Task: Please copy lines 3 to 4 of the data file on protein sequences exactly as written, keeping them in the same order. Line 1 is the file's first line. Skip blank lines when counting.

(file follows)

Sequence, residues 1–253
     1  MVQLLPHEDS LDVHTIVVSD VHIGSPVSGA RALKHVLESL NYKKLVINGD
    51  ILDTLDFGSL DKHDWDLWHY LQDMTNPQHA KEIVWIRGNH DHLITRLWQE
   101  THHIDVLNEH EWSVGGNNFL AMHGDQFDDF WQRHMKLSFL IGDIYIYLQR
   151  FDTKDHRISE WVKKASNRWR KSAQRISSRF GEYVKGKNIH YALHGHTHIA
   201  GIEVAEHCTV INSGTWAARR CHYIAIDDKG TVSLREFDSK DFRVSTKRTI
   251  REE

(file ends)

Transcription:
    51  ILDTLDFGSL DKHDWDLWHY LQDMTNPQHA KEIVWIRGNH DHLITRLWQE
   101  THHIDVLNEH EWSVGGNNFL AMHGDQFDDF WQRHMKLSFL IGDIYIYLQR